I was recently in Edinburgh for the really incredible Sensualising Deformity conference, and while there I was reminded of my one of my favorite museum objects, in the National Museum of Scotland: the mysterious little coffins of Arthur’s Seat.
In 1836, five boys were hunting rabbits on the north-eastern slopes of Arthur’s Seat, the main peak in the group of hills in the center of Edinburgh. In a small cave in the crags of the hill they stumbled across seventeen miniature coffins carved in pine and decorated with tinned iron. Carefully arranged in a three-tiered stack, each coffin contained a small wooden figure with painted black boots and individually crafted clothing.
What are these objects? Who made them and who buried them? And why? To this day, no one has any real idea. (But read on for some theories…)
At the time of their discovery, some speculated that they were implements of witchcraft; others suggested they were charms used by sailors to ward off death or even mimic burials for those lost at sea. There is also a provocative theory that the little figures are tributes to the seventeen victims of famed Edinburgh serial killers Burke and Hare, as the figures were found just seven years after Burke’s execution. However, all of the figures are dressed in male attire, whereas twelve of Burke and Hare’s victims were female.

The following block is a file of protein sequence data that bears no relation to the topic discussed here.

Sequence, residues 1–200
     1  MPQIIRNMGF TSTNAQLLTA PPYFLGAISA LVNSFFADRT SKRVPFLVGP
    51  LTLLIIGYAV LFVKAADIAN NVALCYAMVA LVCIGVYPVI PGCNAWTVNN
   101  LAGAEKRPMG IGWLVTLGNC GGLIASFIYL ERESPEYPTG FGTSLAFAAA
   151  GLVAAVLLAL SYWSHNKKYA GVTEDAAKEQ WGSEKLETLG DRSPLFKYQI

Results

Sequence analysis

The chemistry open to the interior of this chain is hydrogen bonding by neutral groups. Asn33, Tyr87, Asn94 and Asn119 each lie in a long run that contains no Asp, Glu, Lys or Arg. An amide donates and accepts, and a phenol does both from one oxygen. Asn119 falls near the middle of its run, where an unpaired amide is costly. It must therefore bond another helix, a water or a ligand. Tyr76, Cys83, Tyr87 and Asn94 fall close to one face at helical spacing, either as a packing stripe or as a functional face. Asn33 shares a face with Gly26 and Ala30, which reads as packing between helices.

Interestingly, some of the figures have arms while others have had theirs removed to fit in their coffins, perhaps suggesting they were not originally made to be buried.
Allen Simpson and Samuel Menefee (of the University of Edinburgh and the University of Virginia, respectively) carried out a detailed study of the figures in 1994, and have suggested they were adapted from a set of wooden toy soldiers manufactured around the 1790s, but not re-clothed or buried in the cave until the 1830s. But this is really the extent of knowledge about them.
Only eight of the original seventeen coffins and figures still survive today: several disintegrated with age, while others were “destroyed by the boys pelting them at each other as unmeaning and contemptible trifles” (according to The Scotsman, 16 July 1836). These remarkable objects still remain a mystery today, but with the recent digitization of 19th century newspapers like The Scotsman, Mike Dash suggests there might be potential for new revelations if anyone can match them to an obscure report of a shipwreck or accident with seventeen male victims.
Do you have any alternative theories? When I first saw them, I thought of a mother carving them for stillborn or miscarried children: portraits of the sons she never got to raise, made from the toys they never got to play with.